What a difference a month makes.   After a strong June and July, the S&P 500 is down about 3% this month so far with the NASDAQ 100 down about 4%.  Small caps are down about 6%.  So, while we may have seen a broadening of the market, unfortunately it has been to the downside.

Corrections are a normal and unavoidable part of market life.  They are always painful in the moment, but they usually heal pretty quickly and after the fact are quickly forgotten.  The key is rest.  Early this summer, the stock market had gotten ahead of itself.  The S&P 500 and NASDAQ traded at consistently overbought levels from Memorial Day through the end of July, and the NASDAQ 100 traded as much as 25% above its 200 day moving average.  These were all unsustainable paces.

U.S. investors still have many issues and unknowns to deal with, including a weak Chinese economy, higher interest rates, an inverted yield curve and mixed signals from our economy.  Countering those issues, earnings results are improving, the Fed is likely on hold, and the worst of the rate hike cycle is behind us.  Our economy is an unknown, but there are more pros than cons.  The longer-term bull market uptrend remains intact, and August feels more like a pause than the bull market exiting stage left.

The yield curve has been inverted for about 10 months (which means short-term interest rates are higher than long-term interest rates). So where is the recession?  Although it is tempting to dismiss the yield curve in this cycle, history has shown that recessions haven’t been quick to arrive after the yield curve first inverts.  While it has been about 300 days since the first inversion of the current cycle, it has taken an average of 589 calendar days for a recession to arrive after the curve first inverts.  This would put off a recession until early June of next year.  Although the U.S. economy is still reasonably strong, we are not yet out of the woods.

Many investors (including us) are concerned about the valuation of the S&P 500, which trades for an elevated 21.4x trailing earnings.  We came across a recent study by Bespoke Investment Group that showed the premium valuation is very top-end loaded.  While the ten largest companies in the index have a trailing median price-earnings multiple of 27.5x, the median multiple of the remaining 490 or so companies is more than ten points lower at 17.0x earnings (or about 15.2x 2024 projected earnings).  The average P/E for the S&P 500 over the last ten years is 17x so maybe the valuation for the S&P 500 isn’t as stretched as it appears at first glance.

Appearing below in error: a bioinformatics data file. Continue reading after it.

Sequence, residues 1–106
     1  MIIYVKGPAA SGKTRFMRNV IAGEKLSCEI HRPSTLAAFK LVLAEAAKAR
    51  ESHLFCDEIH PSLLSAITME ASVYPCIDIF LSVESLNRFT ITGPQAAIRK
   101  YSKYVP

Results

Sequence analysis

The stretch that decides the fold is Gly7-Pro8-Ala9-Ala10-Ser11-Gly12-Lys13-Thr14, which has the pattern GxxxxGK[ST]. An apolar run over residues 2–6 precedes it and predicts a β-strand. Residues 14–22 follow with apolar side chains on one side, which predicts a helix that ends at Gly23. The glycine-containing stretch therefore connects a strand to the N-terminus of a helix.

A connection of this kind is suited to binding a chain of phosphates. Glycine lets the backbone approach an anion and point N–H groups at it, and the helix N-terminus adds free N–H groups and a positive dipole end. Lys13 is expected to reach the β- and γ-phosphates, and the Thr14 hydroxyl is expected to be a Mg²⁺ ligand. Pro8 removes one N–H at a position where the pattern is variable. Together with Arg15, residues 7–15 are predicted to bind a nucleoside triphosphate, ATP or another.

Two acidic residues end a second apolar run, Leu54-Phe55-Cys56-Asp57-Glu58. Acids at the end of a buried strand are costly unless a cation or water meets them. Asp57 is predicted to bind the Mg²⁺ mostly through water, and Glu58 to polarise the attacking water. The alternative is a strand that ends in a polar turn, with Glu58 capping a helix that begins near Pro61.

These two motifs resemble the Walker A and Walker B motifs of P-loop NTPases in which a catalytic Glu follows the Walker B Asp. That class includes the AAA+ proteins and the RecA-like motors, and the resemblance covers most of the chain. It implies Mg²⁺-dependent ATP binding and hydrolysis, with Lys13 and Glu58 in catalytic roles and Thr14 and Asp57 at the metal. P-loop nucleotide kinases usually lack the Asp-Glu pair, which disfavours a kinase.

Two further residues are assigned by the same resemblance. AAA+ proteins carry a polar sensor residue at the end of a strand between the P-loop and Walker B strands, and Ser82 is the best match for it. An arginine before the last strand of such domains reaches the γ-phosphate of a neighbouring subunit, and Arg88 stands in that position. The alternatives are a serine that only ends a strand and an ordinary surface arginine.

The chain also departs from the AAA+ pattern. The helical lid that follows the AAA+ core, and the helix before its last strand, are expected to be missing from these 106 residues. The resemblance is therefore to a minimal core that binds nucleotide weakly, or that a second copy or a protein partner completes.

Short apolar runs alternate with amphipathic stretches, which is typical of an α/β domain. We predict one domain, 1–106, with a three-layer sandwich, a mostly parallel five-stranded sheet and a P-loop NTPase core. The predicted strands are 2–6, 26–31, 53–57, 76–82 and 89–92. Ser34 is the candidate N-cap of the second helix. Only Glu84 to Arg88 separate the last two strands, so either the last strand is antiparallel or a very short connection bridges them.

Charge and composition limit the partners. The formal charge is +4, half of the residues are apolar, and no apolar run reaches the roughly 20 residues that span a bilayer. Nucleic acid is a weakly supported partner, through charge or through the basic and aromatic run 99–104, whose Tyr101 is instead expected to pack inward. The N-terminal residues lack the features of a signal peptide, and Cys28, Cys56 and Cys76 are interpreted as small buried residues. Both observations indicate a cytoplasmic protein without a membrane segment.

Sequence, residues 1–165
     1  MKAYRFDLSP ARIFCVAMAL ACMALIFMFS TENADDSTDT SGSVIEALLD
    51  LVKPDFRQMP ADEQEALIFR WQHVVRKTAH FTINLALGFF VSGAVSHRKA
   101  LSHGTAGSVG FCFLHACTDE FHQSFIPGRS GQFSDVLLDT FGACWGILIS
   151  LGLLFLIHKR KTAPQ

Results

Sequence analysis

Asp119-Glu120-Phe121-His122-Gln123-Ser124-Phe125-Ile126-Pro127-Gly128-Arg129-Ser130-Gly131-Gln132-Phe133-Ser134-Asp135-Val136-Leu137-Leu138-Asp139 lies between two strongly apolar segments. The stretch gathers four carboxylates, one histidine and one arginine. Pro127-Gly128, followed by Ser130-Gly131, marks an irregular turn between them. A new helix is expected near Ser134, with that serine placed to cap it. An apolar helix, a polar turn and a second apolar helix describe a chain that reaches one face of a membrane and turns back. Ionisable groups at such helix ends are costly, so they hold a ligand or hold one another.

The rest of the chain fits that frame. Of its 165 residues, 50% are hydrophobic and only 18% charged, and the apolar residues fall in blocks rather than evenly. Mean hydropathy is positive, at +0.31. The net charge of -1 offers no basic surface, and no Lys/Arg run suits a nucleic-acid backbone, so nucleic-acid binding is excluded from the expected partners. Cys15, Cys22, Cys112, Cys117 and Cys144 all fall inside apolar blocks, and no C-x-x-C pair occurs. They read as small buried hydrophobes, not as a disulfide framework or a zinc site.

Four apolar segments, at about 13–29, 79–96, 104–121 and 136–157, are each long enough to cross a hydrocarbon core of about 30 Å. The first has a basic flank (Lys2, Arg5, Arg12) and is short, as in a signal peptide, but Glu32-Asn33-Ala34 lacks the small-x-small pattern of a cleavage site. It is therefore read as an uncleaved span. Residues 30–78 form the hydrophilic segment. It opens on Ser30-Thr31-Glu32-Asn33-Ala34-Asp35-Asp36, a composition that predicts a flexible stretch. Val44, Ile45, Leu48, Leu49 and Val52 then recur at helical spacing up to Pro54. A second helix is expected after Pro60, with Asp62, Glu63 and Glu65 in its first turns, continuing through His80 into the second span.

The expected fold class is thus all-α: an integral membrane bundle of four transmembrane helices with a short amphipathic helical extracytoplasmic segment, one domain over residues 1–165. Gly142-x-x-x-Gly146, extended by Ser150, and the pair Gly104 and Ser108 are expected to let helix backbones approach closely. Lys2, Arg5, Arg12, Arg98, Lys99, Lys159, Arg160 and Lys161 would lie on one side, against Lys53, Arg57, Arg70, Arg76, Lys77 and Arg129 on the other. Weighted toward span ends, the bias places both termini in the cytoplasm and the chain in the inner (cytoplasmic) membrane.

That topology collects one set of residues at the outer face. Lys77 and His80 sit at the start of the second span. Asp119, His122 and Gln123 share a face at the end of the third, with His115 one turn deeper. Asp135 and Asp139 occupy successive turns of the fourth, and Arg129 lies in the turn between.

The Fed is looking for labor market weakness to confirm that its tightening is cooling inflation.  But today’s labor market remains strong – with more job openings than job seekers and rapidly increasing wages.

Meanwhile, there are structural shifts in labor market dynamics that continue to constrain the supply of qualified skilled workers at a time when demand for those workers remains high:

  1. More women are leaving the workforce. Women’s labor force participation peaked around 2000 and has fallen since.  McKinsey and Company reports women leaders are leaving corporate America at the highest rate in years.
  2.  More Boomers are retiring. The number of retirees is growing much faster than the number of new workers.  This has decreased the supply of labor and, perhaps more importantly, removed much-needed skilled workers from the economy.
  3. Small businesses are challenged to find qualified skilled workers. Over 40% of small business owners have reported that job openings were hard to fill, a historically high level.  The National Federation of Independent Business (NFIB) has cited labor quality as the most frequently identified business problem.
  4. Labor has the power in an inflationary environment. In a low inflation environment with ample qualified skilled labor, management has little incentive to increase benefits and wages.  But in an inflationary environment with a shortage of skilled labor, workers can demand greater benefits with increased pay.

Labor unions make up a much smaller portion of the U.S. labor force today compared to their heyday of the 1970s, but they have been flexing their muscles lately.  That is a notable departure compared to the last 25 years.


As a result of structural changes including the four listed above, wage inflation is likely to remain elevated and the job market strong, making it increasingly difficult for the Fed to completely defeat inflation.  Inflation as measured by headline CPI has been cut from 9% to 3% year-over-year over the last 12 months.  That last 1% reduction to achieve the Fed’s 2% target is going to be tough.  Our expectation is that it will take another year or longer to go the last mile.